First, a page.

DENVER — Low-level crimes can have significant consequences for people who aren't U.S. citizens. Now hundreds of them in Colorado could have a chance to clear their names with a new bill being proposed in the state Senate.
"Senate Bill 30 is a piece of legislation that would basically create an opportunity for people who entered unconstitutional guilty pleas to have the opportunity to ask to withdraw those guilty pleas," said Hans Meyer an immigration attorney who testified on behalf of the bill said.
To really understand that bill, you need to understand deferred judgement, Meyer said. Deferred judgment is a deal that a person makes with the prosecutor, where they plead guilty and then must meet certain conditions. If they hold up their end of the bargain, the court goes back and withdrawals that guilty plea and it disappears from their record.
"Basically a deferred judgement is your one opportunity to earn your way out of a conviction when you did something stupid," Meyer said. "The idea of it, is to keep people from having permanent consequences on their record."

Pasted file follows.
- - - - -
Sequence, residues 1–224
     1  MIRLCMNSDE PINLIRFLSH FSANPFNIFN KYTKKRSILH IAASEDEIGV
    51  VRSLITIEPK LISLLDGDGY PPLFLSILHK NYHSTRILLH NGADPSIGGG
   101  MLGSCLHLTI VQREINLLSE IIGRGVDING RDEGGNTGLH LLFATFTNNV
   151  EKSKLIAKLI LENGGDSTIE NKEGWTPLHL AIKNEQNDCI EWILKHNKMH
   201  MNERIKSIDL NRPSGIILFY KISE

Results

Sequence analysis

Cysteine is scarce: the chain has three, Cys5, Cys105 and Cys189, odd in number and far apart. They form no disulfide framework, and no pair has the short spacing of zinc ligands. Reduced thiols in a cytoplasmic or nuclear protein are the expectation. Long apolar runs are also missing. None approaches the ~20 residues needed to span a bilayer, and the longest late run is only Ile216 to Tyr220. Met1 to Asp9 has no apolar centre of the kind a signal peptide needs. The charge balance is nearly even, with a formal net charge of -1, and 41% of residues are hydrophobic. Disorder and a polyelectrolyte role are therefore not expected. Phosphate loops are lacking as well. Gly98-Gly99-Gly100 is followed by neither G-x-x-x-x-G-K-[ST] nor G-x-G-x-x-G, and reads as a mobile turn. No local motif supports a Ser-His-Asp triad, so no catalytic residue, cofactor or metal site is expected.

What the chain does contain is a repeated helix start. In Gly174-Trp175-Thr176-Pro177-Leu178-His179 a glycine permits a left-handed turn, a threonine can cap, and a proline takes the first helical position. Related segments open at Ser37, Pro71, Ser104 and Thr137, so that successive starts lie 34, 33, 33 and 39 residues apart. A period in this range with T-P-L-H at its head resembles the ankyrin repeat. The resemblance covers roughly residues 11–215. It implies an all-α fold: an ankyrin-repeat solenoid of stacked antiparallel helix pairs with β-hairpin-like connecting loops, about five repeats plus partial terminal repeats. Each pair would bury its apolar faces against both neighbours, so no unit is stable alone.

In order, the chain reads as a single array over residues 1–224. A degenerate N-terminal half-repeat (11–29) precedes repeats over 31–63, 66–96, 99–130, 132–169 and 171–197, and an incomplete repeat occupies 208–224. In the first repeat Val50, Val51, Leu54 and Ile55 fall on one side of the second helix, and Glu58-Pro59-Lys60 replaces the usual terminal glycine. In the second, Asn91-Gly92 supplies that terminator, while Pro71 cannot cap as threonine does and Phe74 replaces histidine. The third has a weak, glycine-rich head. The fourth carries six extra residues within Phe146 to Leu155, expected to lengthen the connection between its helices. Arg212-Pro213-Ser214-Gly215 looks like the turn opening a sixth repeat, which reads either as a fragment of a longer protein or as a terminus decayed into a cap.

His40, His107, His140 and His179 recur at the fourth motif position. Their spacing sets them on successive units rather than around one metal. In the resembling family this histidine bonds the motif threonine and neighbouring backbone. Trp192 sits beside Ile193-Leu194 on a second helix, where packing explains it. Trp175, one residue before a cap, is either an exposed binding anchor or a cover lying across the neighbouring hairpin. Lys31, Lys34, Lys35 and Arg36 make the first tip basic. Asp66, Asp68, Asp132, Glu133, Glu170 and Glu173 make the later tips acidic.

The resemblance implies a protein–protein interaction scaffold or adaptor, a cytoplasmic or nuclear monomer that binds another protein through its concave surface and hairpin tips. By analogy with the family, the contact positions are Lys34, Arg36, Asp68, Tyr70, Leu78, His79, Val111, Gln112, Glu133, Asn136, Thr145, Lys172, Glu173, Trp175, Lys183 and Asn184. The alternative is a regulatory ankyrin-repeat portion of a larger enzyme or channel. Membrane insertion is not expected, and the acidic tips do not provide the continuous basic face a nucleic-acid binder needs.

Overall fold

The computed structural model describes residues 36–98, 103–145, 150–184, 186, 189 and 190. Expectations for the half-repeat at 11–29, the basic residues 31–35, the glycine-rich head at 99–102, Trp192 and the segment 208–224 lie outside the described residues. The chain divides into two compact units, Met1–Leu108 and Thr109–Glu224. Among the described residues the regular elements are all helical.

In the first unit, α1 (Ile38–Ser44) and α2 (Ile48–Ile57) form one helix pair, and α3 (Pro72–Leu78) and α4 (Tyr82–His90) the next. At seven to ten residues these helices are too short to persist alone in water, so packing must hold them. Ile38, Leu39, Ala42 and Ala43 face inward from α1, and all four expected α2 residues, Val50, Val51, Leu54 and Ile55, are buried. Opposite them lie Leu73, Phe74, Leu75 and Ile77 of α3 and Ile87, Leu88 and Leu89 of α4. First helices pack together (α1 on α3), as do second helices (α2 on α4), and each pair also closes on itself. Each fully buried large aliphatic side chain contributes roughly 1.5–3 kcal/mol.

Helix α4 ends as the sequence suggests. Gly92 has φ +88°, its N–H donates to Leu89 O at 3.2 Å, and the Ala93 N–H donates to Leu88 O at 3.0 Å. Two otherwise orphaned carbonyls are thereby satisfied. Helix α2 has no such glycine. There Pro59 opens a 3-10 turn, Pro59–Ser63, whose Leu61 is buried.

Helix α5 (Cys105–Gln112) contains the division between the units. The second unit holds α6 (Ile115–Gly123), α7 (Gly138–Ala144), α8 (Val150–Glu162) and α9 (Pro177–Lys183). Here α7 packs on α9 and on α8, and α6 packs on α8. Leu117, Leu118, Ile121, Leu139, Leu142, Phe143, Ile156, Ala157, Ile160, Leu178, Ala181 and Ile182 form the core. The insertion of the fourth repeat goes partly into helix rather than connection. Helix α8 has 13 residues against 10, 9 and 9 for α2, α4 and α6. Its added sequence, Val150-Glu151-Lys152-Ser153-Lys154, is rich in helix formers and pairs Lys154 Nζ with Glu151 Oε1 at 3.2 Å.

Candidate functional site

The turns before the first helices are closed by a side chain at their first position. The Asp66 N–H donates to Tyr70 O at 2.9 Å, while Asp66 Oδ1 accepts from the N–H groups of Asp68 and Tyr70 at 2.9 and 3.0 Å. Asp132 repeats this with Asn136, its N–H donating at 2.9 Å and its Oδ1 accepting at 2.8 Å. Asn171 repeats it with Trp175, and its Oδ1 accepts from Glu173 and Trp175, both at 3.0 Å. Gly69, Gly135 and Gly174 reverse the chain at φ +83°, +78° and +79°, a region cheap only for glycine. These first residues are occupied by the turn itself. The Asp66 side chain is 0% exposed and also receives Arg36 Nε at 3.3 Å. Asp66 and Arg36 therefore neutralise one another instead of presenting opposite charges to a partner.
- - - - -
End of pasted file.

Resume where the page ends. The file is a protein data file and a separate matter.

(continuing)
That's how it works for citizens. For non-citizens, it's different.
"That conviction remains for immigration purposes and it can cause them to be deported, to not be able to become citizens, to lose their green card or DACA status," Meyer said.
Senate Bill 30, sponsored by Democratic Senator Julie Gonzales of Denver, aims to change that.
"It's to provide remedies to individuals who have constitutional issues with their pleas," Gonzales said.
Senate Bill 30 passed the Senate Judiciary committee in a 3-2 vote. Republican Senators John Cooke and Bob Gardner voted no.
In a statement, Sage Naumann, the communications director for Colorado Senate Republicans, said this about the bill: "As of today, our judicial system is required by law to properly inform a defendant of the consequences of a plea deal. If that's not happening, we're ready to have that discussion and to find a solution. Senate Bill 30 doesn't assist non-citizen defendants understand those consequences any more than the status quo, and as such, we find it an unacceptable solution. This bill is simply addressing the symptom while ignoring the disease."
The bill now moves to the appropriations committee. If it passes there, it'll then head to the Senate floor.
SUGGESTED VIDEOS | Next with Kyle Clark